My Neighborhood Cruise

My Neighborhood Cruise

 

Every time I receive a test bike, I put it through my unique procedure in an effort to become familiar with my new friend. I often refer to this break-in process as my neighborhood cruise. What is supposed to be a quick ride up and down the street to bed-in my brakes and test out my initial suspension setup often turns into a late-night ride home under streetlights. Let me explain.

WORK BEFORE PLAY

The standard protocol for test bikes at Mountain Bike Action is before the tires ever hit the dirt, we shoot each bike in our photo studio located downstairs below our cubicles. Oh, and by the way, when I say “we” photograph the bikes, I’m referring to our Hall of Fame staff photographer John Ker. If you know John, then you know his all-too-familiar saying, “Just one more time.” This saying usually refers to a test rider needing to repeat a jump or rail a corner for the 20th time in a row. His obsession with snapping the best photos possible follows him into the studio. After I’ve patiently waited for my new ride to receive all of its mug shots, it’s transported to its temporary home—a high-security facility better known as my garage. This is where the whole story begins.

FINALLY, TIME TO RIDE

I’ll often spend about a half hour playing with my suspension settings and double-checking that every bolt is tightened to its proper torque spec. Before I know it, a helmet appears on my head, and while I’m wondering how that got up there, a pair of headphones pops into my ears. Some old cycling shoes manage to lace themselves to my feet, and just like that I’m off. I watch as my garage door goes down and begin to get hyped as my music goes up. My neighborhood is printed like a map in my mind, allowing me to tell you about every patch of dirt in a five-mile radius. I can tell you the best curbs for getting the most air, or I can show you the ruts I’ve ridden in to look like berms. Once I’m on my bike, addiction takes over and I can’t stop. My rides around the neighborhood turn into laps, and then those laps grow bigger. I find myself jumping off anything in sight and sprinting down the streets as if I were a 10th of a second off the podium. These rides have even taught me valuable skills I can later take to the trails. Manuals, cutties, bunnyhops and other moves are best learned right in front of your house before you attempt them in the dirt. Riding around the neighborhood is not nearly as exciting as shredding a singletrack, but it’s a child-hood antic I never want to give up. It just feels right, and I can’t explain why.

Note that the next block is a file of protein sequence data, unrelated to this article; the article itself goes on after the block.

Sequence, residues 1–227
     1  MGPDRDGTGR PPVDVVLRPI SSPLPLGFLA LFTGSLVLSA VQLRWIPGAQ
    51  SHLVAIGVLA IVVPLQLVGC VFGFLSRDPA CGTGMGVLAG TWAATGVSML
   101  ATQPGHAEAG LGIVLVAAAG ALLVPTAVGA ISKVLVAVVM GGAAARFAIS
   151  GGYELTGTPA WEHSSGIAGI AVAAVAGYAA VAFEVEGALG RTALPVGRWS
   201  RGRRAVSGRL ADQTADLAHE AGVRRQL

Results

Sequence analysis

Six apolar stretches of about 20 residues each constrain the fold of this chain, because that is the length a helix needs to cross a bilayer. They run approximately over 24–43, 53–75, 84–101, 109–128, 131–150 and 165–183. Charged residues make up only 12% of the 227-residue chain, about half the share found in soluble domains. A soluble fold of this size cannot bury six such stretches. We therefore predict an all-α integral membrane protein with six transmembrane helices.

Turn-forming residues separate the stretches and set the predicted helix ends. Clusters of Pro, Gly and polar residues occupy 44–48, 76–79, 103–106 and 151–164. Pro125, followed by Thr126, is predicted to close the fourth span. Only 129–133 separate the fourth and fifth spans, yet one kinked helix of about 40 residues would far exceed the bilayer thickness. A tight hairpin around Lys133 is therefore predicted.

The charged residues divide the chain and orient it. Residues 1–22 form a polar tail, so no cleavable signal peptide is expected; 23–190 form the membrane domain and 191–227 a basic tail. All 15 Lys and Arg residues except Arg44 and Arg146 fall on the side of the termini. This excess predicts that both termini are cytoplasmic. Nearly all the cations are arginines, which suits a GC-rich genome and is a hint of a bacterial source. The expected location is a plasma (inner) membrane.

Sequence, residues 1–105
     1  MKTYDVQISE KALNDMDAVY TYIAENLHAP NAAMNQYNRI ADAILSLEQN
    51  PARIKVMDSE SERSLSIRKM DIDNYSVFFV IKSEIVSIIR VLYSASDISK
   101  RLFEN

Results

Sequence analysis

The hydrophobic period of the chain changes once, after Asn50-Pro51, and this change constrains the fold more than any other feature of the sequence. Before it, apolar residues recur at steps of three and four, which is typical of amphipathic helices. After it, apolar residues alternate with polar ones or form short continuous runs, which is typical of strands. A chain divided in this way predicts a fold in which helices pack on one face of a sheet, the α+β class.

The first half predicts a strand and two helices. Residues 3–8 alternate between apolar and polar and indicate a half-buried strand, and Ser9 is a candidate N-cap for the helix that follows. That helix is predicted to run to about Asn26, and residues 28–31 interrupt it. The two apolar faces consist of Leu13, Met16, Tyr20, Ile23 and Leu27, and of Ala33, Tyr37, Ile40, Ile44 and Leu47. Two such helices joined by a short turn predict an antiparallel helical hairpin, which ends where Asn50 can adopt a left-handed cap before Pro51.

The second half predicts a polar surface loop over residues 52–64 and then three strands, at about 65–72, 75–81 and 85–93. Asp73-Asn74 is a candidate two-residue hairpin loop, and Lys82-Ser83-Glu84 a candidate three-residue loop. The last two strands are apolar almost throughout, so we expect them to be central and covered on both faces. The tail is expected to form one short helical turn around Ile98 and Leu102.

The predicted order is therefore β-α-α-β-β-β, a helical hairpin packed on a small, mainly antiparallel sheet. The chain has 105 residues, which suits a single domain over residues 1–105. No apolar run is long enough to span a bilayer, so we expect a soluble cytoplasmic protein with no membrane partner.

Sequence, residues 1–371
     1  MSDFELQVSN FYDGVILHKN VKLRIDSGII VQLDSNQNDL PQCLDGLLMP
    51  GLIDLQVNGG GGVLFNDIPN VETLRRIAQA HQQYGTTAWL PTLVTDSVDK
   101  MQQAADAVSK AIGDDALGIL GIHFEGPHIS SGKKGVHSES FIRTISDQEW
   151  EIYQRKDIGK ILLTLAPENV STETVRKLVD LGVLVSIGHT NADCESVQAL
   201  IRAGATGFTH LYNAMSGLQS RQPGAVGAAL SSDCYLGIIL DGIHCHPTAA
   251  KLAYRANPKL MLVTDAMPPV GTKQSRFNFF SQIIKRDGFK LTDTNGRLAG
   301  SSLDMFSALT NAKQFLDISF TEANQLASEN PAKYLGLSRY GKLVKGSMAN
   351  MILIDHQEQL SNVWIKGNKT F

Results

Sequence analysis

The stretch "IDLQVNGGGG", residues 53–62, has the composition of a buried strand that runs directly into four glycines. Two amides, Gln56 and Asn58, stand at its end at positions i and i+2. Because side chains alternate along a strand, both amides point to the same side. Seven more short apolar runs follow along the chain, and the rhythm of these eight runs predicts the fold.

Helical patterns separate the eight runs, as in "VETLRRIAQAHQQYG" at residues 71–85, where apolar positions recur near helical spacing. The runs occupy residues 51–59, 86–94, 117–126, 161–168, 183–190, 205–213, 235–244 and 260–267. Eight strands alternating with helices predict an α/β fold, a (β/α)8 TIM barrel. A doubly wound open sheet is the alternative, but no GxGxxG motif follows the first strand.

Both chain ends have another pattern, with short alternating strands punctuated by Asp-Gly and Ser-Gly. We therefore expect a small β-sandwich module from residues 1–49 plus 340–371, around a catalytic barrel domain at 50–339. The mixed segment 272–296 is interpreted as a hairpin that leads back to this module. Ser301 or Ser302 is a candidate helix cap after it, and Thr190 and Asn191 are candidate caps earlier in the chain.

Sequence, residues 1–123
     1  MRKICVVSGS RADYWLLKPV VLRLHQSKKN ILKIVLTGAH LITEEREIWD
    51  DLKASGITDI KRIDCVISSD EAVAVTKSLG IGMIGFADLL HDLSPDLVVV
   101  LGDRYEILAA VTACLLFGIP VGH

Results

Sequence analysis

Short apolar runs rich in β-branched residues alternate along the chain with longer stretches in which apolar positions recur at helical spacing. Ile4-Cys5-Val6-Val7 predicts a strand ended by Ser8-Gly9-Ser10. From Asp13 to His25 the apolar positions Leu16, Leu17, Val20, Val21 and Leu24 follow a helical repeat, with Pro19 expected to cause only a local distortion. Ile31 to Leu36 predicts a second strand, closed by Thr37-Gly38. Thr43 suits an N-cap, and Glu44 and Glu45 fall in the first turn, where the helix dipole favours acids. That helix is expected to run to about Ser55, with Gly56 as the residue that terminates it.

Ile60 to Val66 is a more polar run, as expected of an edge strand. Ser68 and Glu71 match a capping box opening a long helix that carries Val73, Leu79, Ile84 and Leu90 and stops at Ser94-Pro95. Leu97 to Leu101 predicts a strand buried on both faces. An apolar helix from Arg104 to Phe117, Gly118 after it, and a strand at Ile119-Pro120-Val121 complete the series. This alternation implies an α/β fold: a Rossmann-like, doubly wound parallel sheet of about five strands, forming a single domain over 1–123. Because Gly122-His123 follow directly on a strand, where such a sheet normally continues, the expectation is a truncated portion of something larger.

MORAL OF THE STORY

If you’re anything like me, then you enjoy riding your bike any time and on whatever surface is currently available. When you don’t have time to hit the trails or it’s too muddy to ride them, go ahead and give your local neighborhood a try. Sure, it might not be as exhilarating as blasting down a singletrack, but it will allow you to practice essential skills for your next ride off-road. You’re likely to encounter some funny looks, ripping down the streets like a child who just got a new bike on Christmas day, but if you’re having fun, who cares? For me, a day spent riding a bike is better than any day off one. It doesn’t matter if your idea of a bike ride is barreling down a trail at top speed or just getting out after work for exercise. The only thing that truly matters is that you go out and ride.

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